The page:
Where does this leave India’s markets? As always, market pundits have started talking about the suddenly lower risk appetite for equities, and why investors should look at equity risk premium once again. The fact is that Indian stocks had become expensive. The Sensex was trading at a trailing price-earning multiple of 23.25 on January 15; that number has now declined to about 19.1. As P/Es go, even that is considered high if one’s worldview is pessimistic. If the US slips into a slowdown or recession, it will take a large part of the world with it. Even if India is an island of strong economic growth within, it has much closer links with the rest of the world economy than was the case even a decade ago. Also, institutional investors may want to stay with safety. A lot of professional investors have also been pointing out that most stocks have not recovered their losses 10 months ago, and that a handful of stocks is propping up the Sensex.
It is possible that some value buying will emerge from the sidelines—be it by long-term institutional investors or their domestic counterparts. But the real bet is on whether the Indian economy is slowing down, and if so then by how much. Also, what impact will that have on corporate earnings? The answers will not be available for another month.
FII Gross purchases Rs 2863 Cr, Gross Sellers 3176 Cr, Net Sellers Rs 312.7 Cr.
MF Gross Purchases Rs 519.50 Cr Gross Sellers Rs 327.63 Cr Net Buyers Rs 191 Cr.
Thats a small FII number. The indicated was much bigger sale figure as per provisional numbers given out yesterday. The fiasco is that the Friday provisional FII figure came in negative and the final figure was actually positive, Really it has shaken the confidence of the investors.. However overall with more confidence in markets.. one may see some recovery and value buying accompanied by short covering. on the back of not so negative FII sale figure. Todays provisional figure of -489 Cr also is disheartening.. so expect selling on highs
Markets started off strong at the start of the trading session on the back of a strongly positive Asia and the fact that investors felt that the selling had been overdone. However it was a volartile session as Sensex gave up almost all of its 300 points gain by mid day only to see value buying in the later part of the session. 'Volatile' is how one would describe the markets. Buying was witnessed in the IT counters on talks that the Fringe Benefit Tax on ESOP's could be done away with. The chances of removal are not very strong taking into consideration the reason for which it was implemented by the Finance Minister in the recent union Budget though the size of this tax could be a small one where information is yet awaited. Buying was also seen in mid caps along with Cement stocks at lower levels. It was on the global front that the performance was extremely supportive as the Asian Indices ended in dreen and the European ones too saw strength right from the word go.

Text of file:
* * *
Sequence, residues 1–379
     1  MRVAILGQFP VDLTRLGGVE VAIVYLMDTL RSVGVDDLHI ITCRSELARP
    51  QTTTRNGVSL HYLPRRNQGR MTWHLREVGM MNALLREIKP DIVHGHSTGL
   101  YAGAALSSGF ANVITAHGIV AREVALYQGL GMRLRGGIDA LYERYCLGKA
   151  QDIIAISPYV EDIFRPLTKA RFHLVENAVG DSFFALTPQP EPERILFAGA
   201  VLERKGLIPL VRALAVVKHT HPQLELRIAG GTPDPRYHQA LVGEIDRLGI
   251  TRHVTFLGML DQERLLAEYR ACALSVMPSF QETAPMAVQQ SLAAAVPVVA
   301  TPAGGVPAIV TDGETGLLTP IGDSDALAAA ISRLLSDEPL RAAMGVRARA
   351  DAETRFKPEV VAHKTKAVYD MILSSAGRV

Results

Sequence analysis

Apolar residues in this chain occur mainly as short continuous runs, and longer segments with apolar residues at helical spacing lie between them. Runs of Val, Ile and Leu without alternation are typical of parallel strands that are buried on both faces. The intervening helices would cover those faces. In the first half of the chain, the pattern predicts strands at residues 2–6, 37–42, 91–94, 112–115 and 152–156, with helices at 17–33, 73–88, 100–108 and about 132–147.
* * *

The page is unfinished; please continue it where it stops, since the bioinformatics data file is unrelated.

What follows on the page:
Ashok Leyland was also in demand after its sales numbers. There were talks that it was a likely winner for Punjab Tractor Ltd. The Stock ended up by 5%. Jet continued to trade at higher prices to end up by 3% after there was a change in Govt Policy regarding Air Port charges. The change in the policy gave full Service Providers like Jet a competitive against Low cost airlines that were giving them tough competition from the pricing point of view.
Sensex closed up by 282 points to end at 12697.09. It was helped up by gains in Wipro (580.75,+8 percent), Infosys (2116.3,+5 percent), ACC (854.4,+5 percent), Satyam (433.95,+5 percent) and Bharti Tele (718.45,+4 percent). Restricting the gains were Hindalco (130.1,-3 percent), NTPC (133.1,-3 percent), Hero Honda (666.85,-3 percent), Tata Motors (726.3,-1 percent) and HLL (171.4,-1 percent).
Bharat Petroleum Corporation Ltd (BPCL) ended up by 5% after it announced its plans to start an oil-trading arm in Singapore, in an effort to become a price maker and to capture export markets as it boosts refining capacity. Currently, the Indian refining capacity of 135 m metric tonne (MMT) is outstripping domestic demand by around 20-25 MMT, thus leading to increasing exports by Indian companies.
There was not much impact on Indian Oil Corporatrion (IOC) after there was a fire reported in its refinery in Assam. Refinery which has the capacity to process 20,000 barrels of crude per day is expected to be shut for 3-4 days. More information on this issue is expected from the company by late Tuesday. Despite that Stock was up by almost a percent for the day. All the oil refiners were helped by the fact that crude slipped from $ 62 / barrel levels to under $ 60 / barrel. We continue to avoid these politically sensitive stocks.
Technically Speaking: Decline outnumbered the Advances for the day as there were 1465 declines against 1105 advances. Trading session generated a volume of Rs. 3,807 cr. Resistance for the day ranged between 12858-12976 levels while support was at 12525-12309 levels. Sensex has closed at day high. We might open higher tomorrow, which could again attract selling. Need to watch the levels of 12840 and 13250 on the higher side, whereas 12450 and 12300 are key levels as supports.